Research comparing all popular diets and measuring their effectiveness at weight loss in controlled studies showed that all approaches lead to weight loss, and there is little difference between the different approaches. (File - Metro-Creative)

Research comparing all popular diets and measuring their effectiveness at weight loss in controlled studies showed that all approaches lead to weight loss, and there is little difference between the different approaches. (File - Metro-Creative)

FITNESS: There are many approaches to weight loss

You just need to navigate the fog of research

Ron Cain | Contributed

There are more approaches to weight loss than there are fleas on a dog.

Despite the plethora of books, programs, clinics, pills, TV info commercials, scientific research, internet advice, and support groups, we have never been fatter as a society. Diabetes, hypertension and other diseases connected to obesity are more significant problems than ever before.

Research comparing all popular diets and measuring their effectiveness at weight loss in controlled studies showed that all approaches lead to weight loss, and there is little difference between the different approaches.

How can different approaches produce similar results? If I could say for sure, I could have my book on the shelves to compete for the 100 or so that are in bookstores.

My unproven theory is based on psychology: when people start on a “diet” regardless of what fad they choose to follow, they tend to do the following: eat more vegetables, eat fewer calories, and increase their activity level. Thus, it’s not the percentage of fat, carbohydrates, protein, and balances therein that is critical to success.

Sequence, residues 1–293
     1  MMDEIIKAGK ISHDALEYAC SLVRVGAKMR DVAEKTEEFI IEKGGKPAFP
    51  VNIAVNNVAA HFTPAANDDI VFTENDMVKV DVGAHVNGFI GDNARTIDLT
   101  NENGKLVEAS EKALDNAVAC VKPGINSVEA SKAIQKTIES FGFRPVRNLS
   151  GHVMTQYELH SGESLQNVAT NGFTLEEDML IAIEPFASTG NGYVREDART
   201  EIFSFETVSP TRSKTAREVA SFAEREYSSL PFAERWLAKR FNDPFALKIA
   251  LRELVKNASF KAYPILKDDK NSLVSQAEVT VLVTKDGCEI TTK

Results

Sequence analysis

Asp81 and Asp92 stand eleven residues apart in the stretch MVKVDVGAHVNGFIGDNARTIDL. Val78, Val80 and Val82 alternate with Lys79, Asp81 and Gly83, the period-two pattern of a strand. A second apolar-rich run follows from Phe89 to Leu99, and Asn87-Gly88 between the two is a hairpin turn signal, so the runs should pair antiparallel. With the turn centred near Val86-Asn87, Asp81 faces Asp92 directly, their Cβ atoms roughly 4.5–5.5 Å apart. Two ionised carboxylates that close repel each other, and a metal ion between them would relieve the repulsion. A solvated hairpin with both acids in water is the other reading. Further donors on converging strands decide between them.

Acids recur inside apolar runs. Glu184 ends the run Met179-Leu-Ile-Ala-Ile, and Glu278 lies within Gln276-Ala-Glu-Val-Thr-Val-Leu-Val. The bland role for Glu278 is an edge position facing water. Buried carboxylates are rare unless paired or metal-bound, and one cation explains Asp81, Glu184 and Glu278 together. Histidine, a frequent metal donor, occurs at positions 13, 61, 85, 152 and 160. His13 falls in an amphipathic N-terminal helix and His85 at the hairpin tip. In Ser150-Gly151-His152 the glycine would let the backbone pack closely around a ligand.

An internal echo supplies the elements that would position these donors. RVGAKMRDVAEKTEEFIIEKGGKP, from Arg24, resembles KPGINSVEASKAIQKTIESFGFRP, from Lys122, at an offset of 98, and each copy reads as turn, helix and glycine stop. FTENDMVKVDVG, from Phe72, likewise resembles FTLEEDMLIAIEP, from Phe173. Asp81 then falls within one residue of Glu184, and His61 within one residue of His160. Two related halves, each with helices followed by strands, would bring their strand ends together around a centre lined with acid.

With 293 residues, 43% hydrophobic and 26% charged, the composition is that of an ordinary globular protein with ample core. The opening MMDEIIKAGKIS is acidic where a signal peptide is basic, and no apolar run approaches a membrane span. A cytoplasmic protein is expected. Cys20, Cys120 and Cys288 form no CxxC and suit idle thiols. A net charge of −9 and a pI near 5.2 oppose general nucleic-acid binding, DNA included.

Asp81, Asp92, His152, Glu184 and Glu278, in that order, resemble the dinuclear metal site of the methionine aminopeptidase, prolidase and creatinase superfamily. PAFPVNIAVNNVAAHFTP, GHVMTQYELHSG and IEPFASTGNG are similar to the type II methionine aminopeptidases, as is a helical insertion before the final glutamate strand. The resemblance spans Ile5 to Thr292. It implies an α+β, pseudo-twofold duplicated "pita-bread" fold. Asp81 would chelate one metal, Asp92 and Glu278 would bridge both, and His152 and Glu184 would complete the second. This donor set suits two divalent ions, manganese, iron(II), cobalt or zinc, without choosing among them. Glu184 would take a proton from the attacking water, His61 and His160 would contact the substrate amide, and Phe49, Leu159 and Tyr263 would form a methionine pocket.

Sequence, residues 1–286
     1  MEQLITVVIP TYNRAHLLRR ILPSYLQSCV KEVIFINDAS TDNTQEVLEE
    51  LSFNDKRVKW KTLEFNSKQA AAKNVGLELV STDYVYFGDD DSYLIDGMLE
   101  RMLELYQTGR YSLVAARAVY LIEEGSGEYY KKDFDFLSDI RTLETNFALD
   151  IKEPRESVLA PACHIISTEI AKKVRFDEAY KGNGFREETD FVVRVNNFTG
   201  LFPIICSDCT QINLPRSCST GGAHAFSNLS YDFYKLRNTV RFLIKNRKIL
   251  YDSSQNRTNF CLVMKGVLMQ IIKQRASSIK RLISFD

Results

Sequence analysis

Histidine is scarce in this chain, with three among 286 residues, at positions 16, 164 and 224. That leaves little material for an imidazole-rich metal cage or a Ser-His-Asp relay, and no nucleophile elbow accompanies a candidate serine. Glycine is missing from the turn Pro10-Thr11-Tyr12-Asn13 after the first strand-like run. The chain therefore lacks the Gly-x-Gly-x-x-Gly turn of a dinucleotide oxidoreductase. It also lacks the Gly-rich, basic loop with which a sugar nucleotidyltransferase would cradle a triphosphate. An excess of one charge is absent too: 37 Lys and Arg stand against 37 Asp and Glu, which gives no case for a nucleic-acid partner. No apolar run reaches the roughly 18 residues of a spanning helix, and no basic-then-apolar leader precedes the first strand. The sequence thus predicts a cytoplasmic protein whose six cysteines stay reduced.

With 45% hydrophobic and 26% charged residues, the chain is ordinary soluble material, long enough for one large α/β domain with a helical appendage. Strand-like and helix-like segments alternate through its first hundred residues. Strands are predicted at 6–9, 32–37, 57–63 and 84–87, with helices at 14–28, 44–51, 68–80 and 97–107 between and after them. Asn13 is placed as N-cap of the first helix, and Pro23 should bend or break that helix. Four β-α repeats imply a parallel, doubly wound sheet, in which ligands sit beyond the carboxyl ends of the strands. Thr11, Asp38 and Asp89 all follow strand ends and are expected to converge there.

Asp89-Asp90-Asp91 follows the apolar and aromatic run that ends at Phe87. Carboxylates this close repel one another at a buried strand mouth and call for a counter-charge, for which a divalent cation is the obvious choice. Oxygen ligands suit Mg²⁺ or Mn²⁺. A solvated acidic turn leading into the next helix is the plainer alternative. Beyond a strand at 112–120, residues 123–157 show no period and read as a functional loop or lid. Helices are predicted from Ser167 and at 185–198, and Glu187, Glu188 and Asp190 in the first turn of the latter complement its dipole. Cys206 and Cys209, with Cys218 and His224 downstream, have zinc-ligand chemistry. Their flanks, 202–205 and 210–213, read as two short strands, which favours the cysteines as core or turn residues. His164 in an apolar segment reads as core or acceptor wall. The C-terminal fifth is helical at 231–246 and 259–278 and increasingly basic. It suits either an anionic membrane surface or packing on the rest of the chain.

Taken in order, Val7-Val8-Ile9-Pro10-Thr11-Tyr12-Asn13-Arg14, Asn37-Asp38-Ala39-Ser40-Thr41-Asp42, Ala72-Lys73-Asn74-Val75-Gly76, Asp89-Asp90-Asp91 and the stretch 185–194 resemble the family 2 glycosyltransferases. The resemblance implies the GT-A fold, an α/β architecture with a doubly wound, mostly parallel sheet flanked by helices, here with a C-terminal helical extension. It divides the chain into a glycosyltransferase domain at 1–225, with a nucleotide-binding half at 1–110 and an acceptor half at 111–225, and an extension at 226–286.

The concept of fasting is equally fascinating and muddled.

A 2020 study published in Cell Research looked at the impact of fasting on the belly fat in mice. Mice are similar in biology to humans and make excellent research subjects for comparison. The study looked at changes on a cellular level in mice that followed an every other day fasting program. The specific areas studied were fat that lies just under the skin (not a health issue) and fat around internal organs (a massive human problem).

The study found massive cellular changes as a result of fasting. The bad news is that fat tissue typically provides energy to the body when facing caloric deprivation. Still, this study triggered a defensive reaction: the body became more efficient at storing fat around the organs as it anticipated the next round of starvation and slowed the release of fat molecules for energy provision.

Many other studies on fasting follow different formats, with widely varying results. Do your research before going down this path.

There is no diet GPS to navigate the fog of research. I have yet to read a single study that alters my belief in a reasonable albeit not universal approach to weight maintenance and weight loss in my clients. Simply put: eat a little bit fewer calories (roughly 10 per cent) and increase calories burned through movement (again approximately 10 per cent increase), and most importantly – sit less.

We have become a society that, on average, spends 70 per cent of waking hours in a sitting position and humans evolved over hundreds of thousands of years as hunters and gathers, not sitters and watchers. Turn off the TV, the computer, get outside, walk more, take fit breaks and do 15 minutes of robust activity at a time.

You don’t need to train for marathons to get healthier. And finally, try and make soup broth from bones and enjoy homemade soup every day if you can – a little bit of work will result in a healthier gut track and gradual but permanent weight loss.

READ MORE: To carb or not to carb, that’s the question

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Ron Cain is the owner of Sooke Mobile Personal Training. Email him at sookepersonaltraining@gmail.com or find him on Facebook at Sooke Personal Training.



editor@sookenewsmirror.com

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